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Hybrid Assistive Limb-3

Robotics pioneer Yoshiyuki Sankai has built a bridge between the worlds of science fiction and reality with his creation of an exoskeletal "robot suit," dubbed HAL-5, for "Hybrid Assistive Limb." His hope is that such a device will one day be able to help disabled or elderly people with weak muscles move around freely on their own; and will help human beings increase their physical capabilities so that they are able to lift heavy loads they wouldn't have been able to handle otherwise.Sankai

Born in Okayama, Japan in the late 1950s, Sankai was intrigued with images of robots he read of in novels like "I, Robot" and the comic book "Cyborg 009" as a child. In his elementary school science classes he did experiments on frogs where he observed the effect electric shocks had on the creaturesí leg muscles, and as an adolescent he became interested in potential relationships between man and machine, specifically, possible ways that mechanical devices could be used to augment human performance.

When he entered the University of Tsukuba he became inspired further when he saw many students stricken with paralysis struggling to move around. He decided to focus his studies on medical technologies, later choosing engineering over medicine in pursuit of a graduate degree.

After careful study of the human nervous system, Sankai began working on a system which he hoped would be able to seize upon and communicate impulses from the nervous system to a machine. His first prototype, built in 1997, needed some fine-tuning, but the work lead to the development of a "robotic suit" of sorts, which a person of humble build and weight can easily wear, and which straps easily onto his or her arms, legs and back. The suit is equipped with sensors that detect nerve signals in the brain sent when the person attempts to move his or her limbs. The suit's motors and computer work together when cued by the sensors to assist the person's motions, allowing him to move much more easily than he could on his own.

Not only could such a suit, if it were to be mass produced and made widely available, help disabled people, it could also help elderly people move around more easily, help caregivers lift or move those who are ill or infirm, and could even help laborers to move heavy equipment around in a construction, cleanup or industrial setting.

Sankai, who is, as of this 2006 writing, a professor and engineer at the University of Tsukuba, dubbed the suit "Hybrid Assistive Limb," or HAL for short. The suit was demonstrated to the public in June 2005 at the World Exposition in Aichi prefecture, central Japan. The system is an example of a new field known as "cybernics," which incorporates technological and mechanical elements from areas including mechanics, bionics, electronics and robotics. HAL employs a "bio-cybernic" system incorporating bioelectric sensors attached to limbs to monitor signals transmitted between the brain and muscles, which the computer senses to signal the system's motors to move with just fractions of a second of delay. This communications system was the most challenging portion of the project, according to Sankai.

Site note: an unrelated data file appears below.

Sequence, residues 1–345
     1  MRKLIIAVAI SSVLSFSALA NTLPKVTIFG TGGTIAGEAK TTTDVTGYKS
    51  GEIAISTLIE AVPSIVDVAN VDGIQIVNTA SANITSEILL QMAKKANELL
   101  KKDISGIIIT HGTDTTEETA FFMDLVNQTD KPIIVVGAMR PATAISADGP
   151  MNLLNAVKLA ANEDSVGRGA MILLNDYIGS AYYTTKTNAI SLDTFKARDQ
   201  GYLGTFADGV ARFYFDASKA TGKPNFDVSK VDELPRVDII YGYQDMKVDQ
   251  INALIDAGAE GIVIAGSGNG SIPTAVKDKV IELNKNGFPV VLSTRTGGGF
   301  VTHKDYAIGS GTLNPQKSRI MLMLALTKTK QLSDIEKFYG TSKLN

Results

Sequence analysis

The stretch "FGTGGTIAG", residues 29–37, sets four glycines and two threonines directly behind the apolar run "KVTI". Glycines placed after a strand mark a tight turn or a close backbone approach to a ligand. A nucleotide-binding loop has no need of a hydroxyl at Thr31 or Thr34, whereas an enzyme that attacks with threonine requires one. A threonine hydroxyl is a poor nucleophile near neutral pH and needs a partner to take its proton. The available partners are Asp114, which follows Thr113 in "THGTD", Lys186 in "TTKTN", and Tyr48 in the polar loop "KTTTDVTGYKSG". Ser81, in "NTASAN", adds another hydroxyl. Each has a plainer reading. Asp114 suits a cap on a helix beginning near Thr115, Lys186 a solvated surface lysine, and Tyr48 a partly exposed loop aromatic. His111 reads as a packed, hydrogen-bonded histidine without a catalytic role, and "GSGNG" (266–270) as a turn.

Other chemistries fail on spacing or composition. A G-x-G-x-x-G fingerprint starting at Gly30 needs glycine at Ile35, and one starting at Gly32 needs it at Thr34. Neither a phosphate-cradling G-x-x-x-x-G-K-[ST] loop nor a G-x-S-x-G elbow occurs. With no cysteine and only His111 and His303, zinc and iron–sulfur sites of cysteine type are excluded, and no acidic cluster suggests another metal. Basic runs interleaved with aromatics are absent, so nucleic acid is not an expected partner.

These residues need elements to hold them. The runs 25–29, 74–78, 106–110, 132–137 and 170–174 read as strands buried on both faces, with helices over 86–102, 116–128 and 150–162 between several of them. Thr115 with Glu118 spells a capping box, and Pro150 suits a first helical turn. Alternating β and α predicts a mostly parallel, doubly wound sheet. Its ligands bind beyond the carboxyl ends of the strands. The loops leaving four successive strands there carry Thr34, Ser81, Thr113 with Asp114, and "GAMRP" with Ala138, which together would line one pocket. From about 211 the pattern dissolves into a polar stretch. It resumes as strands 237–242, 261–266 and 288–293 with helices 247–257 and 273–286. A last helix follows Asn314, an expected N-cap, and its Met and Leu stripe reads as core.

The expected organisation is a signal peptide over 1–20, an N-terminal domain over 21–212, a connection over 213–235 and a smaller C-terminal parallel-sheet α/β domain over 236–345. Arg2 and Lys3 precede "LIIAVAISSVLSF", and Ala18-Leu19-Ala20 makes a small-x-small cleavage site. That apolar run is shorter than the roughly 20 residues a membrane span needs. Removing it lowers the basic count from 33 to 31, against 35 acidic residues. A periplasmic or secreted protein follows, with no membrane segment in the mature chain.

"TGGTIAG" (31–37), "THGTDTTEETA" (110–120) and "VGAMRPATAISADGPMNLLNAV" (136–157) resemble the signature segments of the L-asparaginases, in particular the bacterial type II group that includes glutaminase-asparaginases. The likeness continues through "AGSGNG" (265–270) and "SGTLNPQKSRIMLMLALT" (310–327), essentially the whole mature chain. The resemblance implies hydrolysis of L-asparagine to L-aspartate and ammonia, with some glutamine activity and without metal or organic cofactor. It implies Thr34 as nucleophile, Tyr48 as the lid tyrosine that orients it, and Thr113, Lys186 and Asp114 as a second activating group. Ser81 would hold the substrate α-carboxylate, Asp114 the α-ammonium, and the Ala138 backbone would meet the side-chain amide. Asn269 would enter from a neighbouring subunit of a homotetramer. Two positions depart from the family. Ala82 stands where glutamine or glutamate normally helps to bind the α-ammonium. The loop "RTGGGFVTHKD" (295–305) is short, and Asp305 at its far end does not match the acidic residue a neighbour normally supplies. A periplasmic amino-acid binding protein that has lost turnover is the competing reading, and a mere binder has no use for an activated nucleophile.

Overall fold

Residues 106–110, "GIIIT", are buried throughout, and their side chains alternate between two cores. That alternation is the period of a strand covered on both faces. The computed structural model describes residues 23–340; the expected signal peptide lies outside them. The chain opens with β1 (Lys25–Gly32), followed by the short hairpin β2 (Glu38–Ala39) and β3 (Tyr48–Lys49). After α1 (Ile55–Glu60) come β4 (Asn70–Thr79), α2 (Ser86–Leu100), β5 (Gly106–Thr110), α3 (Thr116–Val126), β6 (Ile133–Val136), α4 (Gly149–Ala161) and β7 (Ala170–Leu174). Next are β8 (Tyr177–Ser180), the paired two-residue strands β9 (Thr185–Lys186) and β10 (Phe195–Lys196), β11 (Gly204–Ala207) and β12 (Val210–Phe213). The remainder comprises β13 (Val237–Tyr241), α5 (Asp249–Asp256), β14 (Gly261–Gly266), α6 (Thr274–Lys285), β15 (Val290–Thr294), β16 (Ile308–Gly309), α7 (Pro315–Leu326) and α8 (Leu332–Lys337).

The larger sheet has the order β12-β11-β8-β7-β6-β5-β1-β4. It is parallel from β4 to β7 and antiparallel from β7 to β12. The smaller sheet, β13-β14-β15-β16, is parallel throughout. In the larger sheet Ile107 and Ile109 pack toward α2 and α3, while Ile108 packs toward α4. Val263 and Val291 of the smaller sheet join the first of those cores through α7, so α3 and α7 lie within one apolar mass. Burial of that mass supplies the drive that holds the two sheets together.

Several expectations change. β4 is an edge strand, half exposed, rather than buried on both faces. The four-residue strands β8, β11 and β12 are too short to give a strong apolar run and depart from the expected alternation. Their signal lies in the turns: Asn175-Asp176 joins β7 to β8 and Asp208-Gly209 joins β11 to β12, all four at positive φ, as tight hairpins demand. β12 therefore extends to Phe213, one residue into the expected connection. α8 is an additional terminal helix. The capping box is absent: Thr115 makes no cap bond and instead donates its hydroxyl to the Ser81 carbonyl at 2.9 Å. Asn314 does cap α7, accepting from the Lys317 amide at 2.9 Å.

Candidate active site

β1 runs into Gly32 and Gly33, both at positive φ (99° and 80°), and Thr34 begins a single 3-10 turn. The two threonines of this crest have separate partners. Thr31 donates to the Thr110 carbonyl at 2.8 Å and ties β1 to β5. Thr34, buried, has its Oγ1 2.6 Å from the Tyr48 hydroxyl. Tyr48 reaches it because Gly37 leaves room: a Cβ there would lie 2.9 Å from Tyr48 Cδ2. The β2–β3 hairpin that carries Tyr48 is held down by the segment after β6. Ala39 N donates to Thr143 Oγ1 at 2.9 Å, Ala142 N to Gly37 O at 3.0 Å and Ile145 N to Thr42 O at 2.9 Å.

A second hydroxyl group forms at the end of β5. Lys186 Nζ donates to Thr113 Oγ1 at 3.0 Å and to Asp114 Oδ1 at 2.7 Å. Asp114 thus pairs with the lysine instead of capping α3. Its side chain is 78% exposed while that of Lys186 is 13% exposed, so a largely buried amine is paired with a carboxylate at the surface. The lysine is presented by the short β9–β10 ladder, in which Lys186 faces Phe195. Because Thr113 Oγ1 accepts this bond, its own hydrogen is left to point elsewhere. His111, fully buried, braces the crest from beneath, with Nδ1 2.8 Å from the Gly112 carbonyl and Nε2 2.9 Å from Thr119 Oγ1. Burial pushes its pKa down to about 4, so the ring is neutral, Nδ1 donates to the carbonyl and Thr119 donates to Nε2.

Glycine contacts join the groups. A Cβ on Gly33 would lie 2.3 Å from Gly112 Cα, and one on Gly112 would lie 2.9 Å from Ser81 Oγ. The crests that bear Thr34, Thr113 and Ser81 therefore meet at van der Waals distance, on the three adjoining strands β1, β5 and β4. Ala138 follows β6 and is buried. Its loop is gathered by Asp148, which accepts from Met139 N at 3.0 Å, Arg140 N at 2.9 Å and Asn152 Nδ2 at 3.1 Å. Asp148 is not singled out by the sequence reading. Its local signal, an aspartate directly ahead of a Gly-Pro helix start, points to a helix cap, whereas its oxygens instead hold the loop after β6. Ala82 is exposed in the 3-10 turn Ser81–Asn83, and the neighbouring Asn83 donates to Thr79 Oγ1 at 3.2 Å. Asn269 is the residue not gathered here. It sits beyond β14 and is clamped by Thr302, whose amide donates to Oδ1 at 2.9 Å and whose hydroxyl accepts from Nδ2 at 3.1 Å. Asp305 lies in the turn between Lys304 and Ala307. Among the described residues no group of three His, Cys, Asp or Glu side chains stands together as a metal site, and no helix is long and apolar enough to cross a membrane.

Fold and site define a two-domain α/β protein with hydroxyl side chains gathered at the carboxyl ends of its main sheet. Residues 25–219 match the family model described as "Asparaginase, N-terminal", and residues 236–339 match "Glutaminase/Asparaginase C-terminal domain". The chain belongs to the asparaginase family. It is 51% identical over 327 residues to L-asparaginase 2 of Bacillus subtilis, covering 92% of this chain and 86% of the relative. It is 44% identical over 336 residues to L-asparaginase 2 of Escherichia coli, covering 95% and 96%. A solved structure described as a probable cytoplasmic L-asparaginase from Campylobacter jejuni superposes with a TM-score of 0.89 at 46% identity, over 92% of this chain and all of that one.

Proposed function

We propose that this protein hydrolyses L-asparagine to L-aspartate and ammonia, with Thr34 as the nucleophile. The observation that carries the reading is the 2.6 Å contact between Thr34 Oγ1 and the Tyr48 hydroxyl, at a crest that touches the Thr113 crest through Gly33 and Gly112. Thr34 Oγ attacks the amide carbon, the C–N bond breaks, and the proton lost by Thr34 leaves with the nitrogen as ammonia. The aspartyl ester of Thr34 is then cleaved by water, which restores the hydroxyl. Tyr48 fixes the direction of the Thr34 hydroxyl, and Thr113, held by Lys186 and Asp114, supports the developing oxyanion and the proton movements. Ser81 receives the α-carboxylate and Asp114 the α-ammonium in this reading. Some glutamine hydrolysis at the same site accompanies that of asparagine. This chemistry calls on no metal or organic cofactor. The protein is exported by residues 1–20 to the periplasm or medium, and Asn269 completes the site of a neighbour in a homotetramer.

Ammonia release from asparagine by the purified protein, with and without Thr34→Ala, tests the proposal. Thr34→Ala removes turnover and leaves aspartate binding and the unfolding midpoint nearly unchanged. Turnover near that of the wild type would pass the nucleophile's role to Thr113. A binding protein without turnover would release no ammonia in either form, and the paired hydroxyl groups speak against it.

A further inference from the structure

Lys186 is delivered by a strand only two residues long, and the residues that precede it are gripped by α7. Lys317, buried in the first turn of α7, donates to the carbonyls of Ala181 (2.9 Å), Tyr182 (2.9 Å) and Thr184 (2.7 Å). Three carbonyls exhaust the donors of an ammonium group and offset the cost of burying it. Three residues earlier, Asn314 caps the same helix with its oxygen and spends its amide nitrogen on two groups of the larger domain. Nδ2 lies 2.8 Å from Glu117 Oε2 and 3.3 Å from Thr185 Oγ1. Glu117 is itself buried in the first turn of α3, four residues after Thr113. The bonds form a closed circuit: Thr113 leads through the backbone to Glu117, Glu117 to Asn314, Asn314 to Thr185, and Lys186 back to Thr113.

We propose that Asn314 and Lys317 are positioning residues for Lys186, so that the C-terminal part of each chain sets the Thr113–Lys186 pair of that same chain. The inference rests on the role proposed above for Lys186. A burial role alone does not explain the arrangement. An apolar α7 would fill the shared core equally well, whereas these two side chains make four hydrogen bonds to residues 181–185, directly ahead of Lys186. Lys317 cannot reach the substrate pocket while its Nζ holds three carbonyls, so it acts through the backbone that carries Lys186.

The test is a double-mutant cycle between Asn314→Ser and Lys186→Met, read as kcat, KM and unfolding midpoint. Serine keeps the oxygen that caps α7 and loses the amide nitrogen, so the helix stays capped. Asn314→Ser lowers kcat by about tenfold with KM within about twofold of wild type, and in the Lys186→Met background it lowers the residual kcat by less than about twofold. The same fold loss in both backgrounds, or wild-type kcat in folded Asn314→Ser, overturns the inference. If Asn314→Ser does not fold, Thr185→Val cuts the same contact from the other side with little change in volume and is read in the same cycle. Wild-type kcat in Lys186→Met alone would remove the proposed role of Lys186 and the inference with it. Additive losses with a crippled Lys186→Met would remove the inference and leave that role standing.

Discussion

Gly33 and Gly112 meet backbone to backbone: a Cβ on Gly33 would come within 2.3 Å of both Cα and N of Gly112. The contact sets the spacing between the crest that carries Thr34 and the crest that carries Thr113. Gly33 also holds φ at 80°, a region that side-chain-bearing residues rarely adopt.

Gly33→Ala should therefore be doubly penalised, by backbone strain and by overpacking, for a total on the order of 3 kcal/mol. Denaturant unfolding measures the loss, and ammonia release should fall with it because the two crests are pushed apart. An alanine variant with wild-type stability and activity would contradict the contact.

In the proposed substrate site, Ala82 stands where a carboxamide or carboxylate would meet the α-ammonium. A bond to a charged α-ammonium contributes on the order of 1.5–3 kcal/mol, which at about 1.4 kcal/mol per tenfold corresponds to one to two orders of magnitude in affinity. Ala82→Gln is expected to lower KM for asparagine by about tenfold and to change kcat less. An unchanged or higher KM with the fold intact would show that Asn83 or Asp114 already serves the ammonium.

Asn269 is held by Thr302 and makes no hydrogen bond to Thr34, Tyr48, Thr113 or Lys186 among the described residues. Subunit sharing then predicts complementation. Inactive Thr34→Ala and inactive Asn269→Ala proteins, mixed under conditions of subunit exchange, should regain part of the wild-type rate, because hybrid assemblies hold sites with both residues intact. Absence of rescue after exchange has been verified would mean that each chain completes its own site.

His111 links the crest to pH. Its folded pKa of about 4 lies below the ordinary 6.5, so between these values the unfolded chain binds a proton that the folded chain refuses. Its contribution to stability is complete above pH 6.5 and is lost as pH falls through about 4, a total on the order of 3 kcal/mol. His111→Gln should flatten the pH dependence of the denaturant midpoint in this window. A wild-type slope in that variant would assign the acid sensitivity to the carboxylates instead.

The latest version, HAL 5, was preceded by prototypes HAL 3 and HAL 4, and with each iteration the system has become lighter and more efficient. Newer HALs include a smaller, wireless connected computer that fits in a pouch attached to a belt, smaller motor housings and better comfort for the wearer. In its latest form it weighs approximately 15 kg or 33 lbs. in the lower-body-only model, and 24 kg or 55 lbs. in the all-body model. It is battery-powered. Commercial suits for purchase are likely to cost between $14,000 and $19,000.

Sankai has said one of his aims is to create technologies that are designed for the benefit of humankind, rather than for destructive purposes. He refused, for example, an offer from the Department of Defense in Washington, D.C., to work on a robot for military use and declined a similar offer from the government of South Korea. He followed through with plan to commercialize his HAL product via a venture firm he established through the University of Tsukuba called Cyberdyne, Inc. and continues to plow ahead with his research endeavors.

[March 2006]

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